Too young to die

Some experts blame a black-box warning by the FDA. Could a warning intended to save lives have the opposite effect?

Suicide is the third-leading cause of death for young people between the ages of 15 and 24.

In 2004, the FDA placed a black-box warning on anti-depressants, indicating to patients that the drugs could cause suicidal thoughts in adolescents. Some experts now believe that warning has had unintended consequences, resulting in the biggest spike in suicide rates in 15 years.

"I always ask myself why...why, why, why did this happen?" said Kathleen McManus, whose daughter, Megan, died.

McManus says she will always wonder if taking her daughter off anti-depressants was a deadly decision.

"I do really regret it, and I wish that she was still on it," the mother said.

To the outside world, Megan was beautiful and popular. But inside, she was battling clinical depression that first surfaced when she was age 13. Megan was put on the anti-depressant Zoloft, but she was taken off the drug when the FDA put 'black box' warnings, its highest warning, on antidepressants for pediatric use in 2004.

"It wasn't worth taking that risk, that she would commit suicide or have suicidal thoughts," Kathleen McManus said.

But that is exactly what happened. It started when Megan's close friend, Maribel, took her life, inspiring Megan to create a Web site called 'Students Overcoming Suicide.'

It became Megan's mission to save lives, but in 2007, her depression returned. After a suicide attempt, she was placed back on anti-depressants. But, Megan's mother says, there was not enough time for the drugs to work. In July 2007, just after graduating from Palatine High School, Megan ended it all by hanging herself.

"The pain that Megan felt was so unbelievable that she didn't see anyway out," Kathleen McManus said.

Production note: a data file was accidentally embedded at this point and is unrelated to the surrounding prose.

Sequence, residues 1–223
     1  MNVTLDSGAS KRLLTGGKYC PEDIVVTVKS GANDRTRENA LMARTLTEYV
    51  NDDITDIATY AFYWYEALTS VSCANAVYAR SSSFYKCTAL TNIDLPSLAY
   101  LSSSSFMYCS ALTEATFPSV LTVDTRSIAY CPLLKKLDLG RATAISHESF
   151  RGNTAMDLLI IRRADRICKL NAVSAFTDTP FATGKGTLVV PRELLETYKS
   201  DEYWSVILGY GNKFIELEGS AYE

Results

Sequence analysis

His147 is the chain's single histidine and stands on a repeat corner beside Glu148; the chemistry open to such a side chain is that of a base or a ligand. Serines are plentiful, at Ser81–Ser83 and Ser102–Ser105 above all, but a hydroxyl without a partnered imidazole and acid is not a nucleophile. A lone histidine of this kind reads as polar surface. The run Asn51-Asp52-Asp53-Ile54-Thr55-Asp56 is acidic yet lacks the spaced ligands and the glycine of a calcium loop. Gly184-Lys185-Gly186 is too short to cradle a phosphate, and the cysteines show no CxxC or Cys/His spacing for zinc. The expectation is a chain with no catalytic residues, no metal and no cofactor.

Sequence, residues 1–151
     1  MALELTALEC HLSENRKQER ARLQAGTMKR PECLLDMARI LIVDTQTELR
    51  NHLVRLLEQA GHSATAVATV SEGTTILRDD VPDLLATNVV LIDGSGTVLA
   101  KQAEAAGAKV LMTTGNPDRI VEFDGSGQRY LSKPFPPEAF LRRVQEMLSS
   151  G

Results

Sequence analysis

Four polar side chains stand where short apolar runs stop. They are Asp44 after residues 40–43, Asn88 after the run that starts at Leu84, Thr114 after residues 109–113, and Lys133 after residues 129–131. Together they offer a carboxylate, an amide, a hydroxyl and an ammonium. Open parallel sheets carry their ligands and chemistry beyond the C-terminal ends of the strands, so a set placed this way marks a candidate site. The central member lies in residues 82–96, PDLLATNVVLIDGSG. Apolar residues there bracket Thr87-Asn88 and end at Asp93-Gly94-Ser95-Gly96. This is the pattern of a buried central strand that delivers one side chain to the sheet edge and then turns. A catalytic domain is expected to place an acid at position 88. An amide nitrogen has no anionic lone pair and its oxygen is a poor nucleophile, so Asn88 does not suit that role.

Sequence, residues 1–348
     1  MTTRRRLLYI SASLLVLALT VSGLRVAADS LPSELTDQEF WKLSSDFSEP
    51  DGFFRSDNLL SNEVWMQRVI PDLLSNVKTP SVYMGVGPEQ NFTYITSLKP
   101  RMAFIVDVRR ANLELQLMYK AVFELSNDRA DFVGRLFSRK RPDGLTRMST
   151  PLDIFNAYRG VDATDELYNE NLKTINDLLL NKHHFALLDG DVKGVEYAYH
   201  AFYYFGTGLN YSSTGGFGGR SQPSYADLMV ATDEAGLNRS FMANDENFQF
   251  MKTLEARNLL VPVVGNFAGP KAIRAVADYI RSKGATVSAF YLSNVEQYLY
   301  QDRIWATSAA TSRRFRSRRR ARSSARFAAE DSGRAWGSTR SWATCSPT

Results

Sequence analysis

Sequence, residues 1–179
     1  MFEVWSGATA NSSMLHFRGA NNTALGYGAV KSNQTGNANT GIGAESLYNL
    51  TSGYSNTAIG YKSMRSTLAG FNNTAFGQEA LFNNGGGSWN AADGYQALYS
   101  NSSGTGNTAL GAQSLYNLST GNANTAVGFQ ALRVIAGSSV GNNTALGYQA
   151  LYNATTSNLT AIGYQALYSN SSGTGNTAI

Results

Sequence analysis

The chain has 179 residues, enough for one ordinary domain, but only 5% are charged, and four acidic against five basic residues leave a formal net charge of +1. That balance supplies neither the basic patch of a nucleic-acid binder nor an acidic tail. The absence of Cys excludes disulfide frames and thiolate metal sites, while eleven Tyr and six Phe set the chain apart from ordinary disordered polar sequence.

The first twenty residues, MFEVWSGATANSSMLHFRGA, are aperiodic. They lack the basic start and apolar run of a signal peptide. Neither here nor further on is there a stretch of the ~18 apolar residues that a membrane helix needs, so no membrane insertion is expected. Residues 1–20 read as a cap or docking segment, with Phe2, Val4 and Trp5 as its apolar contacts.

The Centers for Disease Control reports the suicide rate spiked for teens between 2003 and 2004. There was a 9-percent increase in 15 to 19-year-old boys and a 32-percent increase in 15 to 19-year-old girls. For girls, ages 10 to 14, there was a 75.9-percent increase.

"I think it should be extremely alarming," said Dr. Robert Gibbons, a researcher at the University of Illinois-Chicago.

Gibbons also says parents and doctors have been scared off by the warning. Prescriptions for anti-depressants for teens dropped 22 percent the year after the warning was issued and have continued to drop ever since.

"I'm concerned that the unintended consequence of the black box warning was to decrease the availability of treatment to seriously depressed children and has, consequently, increased the rate at which children taken their lives," Gibbons said.

Ken Meyer formed 'Elyssa's Mission' three years ago after his niece, Elyssa Meyers, a sophomore at New Trier High School, took her life.

"She committed suicide by hanging herself," Ken Meyers told ABC7 Chicago.

Since then, Meyers has brought his message of suicide prevention to 10,000 students in the Chicago area so far.

Many school districts have shied away from the topic, but Meyers is proud his group is helping to change that stigma and helping to save young lives.

"You're arming kids with information so that they can make wise decisions not to do it," he said. "We're having an impact, we're saving lives."

'Elyssa's Mission' partners with school districts to return year after year and also includes parents in the process.

This report is part of a year-long series ABC7 Chicago is doing on suicide and suicide prevention as part of a fellowship with the Carter Center in Atlanta. Former First Lady Rosalyn Carter is a long-time advocate for mental health issues.

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